A few days ago, Washington University in St. Louis announced to much fanfare that the school would be going “need-blind” in admissions. This means that the school’s admissions committee is professing that an applicant’s ability to pay will not be a consideration in admissions decision-making going forward. But as loyal readers of our college admissions blog know all too well, we don’t believe most schools are being truthful about their “need-blind” admissions policies. Rather, we believe the vast majority of these schools are need-aware. After all, if they were truly need-blind, they 1.) wouldn’t ask directly on their supplement — which admissions officers can read with their own two eyes when weighing a student’s case for admission if a student needs financial aid and 2.) would risk admitting a class in which just about everyone needed financial aid, which would require them to dip significantly into their endowments, something they’re loathe to do.
The fact is that days after Wash U has made this grand announcement that they’ve gone “need-blind,” the Wash U admissions committee still directly asks on the supplement: “Are you applying for need-based financial aid? Select “Yes” if you will need financial aid to attend Washington University. We will share this information with our office of Student Financial Services so they can send you helpful tips about applying for financial aid and remind you of key deadlines. We meet 100 percent of demonstrated need for admitted students, so be sure to apply for aid by the deadline.” If Wash U is sharing this information with their office of Student Financial Services but not the admissions committee, then why does this prompt appear on the PDF of the Wash U supplement? Why can admissions officers see the answer? Shouldn’t only Wash U’s office of Student Financial Services see the answer? Doesn’t that seem logical? Shouldn’t Wash U show they’re truly need-blind rather than just tell? And let’s be real: a promise to meet 100% of demonstrated need for admitted students isn’t the same as being blind to one’s ability to pay in admissions decision-making. Quite simply, how many deserving students won’t be among these admitted students because they check yes to this prompt?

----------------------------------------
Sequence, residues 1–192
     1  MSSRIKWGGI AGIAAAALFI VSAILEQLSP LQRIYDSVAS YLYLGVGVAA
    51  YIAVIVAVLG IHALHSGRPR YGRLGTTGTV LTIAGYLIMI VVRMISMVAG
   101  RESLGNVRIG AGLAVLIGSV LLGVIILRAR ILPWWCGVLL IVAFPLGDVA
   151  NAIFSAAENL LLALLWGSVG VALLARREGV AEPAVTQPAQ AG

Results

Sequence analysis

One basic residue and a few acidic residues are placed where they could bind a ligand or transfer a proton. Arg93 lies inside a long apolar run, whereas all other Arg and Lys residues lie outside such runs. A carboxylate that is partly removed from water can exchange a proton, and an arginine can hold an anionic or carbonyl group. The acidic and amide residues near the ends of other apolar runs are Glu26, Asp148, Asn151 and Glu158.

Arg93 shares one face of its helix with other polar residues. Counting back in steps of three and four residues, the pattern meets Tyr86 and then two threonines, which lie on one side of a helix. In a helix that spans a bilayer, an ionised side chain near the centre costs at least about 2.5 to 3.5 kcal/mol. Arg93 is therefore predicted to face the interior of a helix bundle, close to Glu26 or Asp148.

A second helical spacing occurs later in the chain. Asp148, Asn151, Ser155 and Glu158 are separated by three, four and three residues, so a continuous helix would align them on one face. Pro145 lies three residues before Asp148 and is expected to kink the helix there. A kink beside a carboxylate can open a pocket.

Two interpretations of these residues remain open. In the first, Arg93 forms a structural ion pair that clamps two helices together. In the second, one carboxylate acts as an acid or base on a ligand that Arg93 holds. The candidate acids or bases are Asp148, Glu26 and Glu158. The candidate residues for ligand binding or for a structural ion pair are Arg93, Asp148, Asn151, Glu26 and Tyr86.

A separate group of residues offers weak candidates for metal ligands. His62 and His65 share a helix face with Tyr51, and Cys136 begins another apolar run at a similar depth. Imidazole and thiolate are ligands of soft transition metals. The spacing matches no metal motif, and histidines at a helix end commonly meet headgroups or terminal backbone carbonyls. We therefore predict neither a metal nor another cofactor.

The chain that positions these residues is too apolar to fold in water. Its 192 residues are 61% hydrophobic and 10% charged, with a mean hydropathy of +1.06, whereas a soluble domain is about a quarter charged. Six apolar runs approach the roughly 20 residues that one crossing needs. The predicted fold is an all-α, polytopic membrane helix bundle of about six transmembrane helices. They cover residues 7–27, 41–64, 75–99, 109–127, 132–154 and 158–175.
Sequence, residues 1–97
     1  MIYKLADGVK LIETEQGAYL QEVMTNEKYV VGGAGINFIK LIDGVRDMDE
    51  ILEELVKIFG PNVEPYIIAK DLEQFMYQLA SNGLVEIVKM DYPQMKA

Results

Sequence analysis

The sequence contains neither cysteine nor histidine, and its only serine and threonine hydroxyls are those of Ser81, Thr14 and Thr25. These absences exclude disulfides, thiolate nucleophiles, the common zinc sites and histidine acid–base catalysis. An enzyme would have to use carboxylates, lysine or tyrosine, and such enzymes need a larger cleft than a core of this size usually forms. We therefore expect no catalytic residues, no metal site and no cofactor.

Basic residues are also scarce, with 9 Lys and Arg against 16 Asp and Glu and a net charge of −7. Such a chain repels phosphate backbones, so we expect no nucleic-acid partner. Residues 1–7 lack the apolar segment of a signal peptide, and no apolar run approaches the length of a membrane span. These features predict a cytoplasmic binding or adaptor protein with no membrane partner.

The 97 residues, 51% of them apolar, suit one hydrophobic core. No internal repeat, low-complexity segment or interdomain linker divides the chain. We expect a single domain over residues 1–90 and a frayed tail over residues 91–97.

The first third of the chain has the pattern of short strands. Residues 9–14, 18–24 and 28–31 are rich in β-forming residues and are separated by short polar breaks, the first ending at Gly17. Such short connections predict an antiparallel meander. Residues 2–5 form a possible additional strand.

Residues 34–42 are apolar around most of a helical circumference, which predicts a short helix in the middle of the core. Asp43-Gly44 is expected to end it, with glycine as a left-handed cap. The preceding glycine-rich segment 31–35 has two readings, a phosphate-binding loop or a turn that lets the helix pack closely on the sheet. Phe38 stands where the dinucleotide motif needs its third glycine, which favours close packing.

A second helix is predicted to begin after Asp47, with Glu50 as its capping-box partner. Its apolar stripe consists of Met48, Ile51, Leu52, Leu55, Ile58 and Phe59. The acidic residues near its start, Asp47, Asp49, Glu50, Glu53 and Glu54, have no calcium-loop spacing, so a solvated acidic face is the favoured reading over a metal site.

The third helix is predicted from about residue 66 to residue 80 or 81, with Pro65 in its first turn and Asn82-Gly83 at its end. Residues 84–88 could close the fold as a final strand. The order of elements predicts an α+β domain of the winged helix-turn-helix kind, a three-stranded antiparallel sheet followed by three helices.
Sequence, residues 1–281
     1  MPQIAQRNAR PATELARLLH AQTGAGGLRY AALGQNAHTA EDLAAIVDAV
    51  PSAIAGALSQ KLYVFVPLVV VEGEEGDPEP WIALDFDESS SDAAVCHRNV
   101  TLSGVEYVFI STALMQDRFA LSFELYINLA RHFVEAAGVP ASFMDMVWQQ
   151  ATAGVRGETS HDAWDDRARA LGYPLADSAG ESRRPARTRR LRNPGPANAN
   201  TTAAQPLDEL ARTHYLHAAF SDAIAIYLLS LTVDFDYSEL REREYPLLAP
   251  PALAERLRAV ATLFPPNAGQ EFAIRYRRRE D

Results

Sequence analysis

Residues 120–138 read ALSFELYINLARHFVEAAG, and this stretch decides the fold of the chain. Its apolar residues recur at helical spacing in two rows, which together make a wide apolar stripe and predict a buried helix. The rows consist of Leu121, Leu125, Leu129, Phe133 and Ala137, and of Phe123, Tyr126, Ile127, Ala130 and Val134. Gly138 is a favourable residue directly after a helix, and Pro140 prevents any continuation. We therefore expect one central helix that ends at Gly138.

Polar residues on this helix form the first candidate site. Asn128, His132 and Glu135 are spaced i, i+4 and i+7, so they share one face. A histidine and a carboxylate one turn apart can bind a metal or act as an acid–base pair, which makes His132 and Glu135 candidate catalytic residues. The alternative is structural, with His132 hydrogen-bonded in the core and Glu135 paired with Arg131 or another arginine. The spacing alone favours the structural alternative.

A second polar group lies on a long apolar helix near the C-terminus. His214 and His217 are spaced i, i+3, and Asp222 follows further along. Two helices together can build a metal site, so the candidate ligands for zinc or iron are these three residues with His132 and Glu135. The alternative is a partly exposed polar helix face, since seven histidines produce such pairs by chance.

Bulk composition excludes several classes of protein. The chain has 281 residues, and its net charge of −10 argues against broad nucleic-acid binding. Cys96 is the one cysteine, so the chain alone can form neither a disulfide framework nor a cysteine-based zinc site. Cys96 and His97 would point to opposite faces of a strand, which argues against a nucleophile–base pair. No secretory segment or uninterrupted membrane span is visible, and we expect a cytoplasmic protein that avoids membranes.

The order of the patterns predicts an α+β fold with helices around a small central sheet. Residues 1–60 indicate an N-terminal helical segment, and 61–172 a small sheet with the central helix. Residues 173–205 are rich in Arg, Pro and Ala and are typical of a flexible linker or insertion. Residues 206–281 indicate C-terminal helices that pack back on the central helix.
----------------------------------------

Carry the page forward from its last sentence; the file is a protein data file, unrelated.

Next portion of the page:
In a recent Tweet, we congratulated Wash U on their recent announcement about going “need-blind.” In that same congratulatory Tweet, we wrote, “But until they take the financial aid question off the very application Wash U admissions officers can see with their own two eyes, it’s a whole lot of fuss about nothing. Show don’t tell!” Wash U’s admissions committee initially clicked “like” on our Tweet, only to later unlike the Tweet — likely once they realized we were calling them on their lack of transparency, not simply congratulating them on their grandiose announcement.
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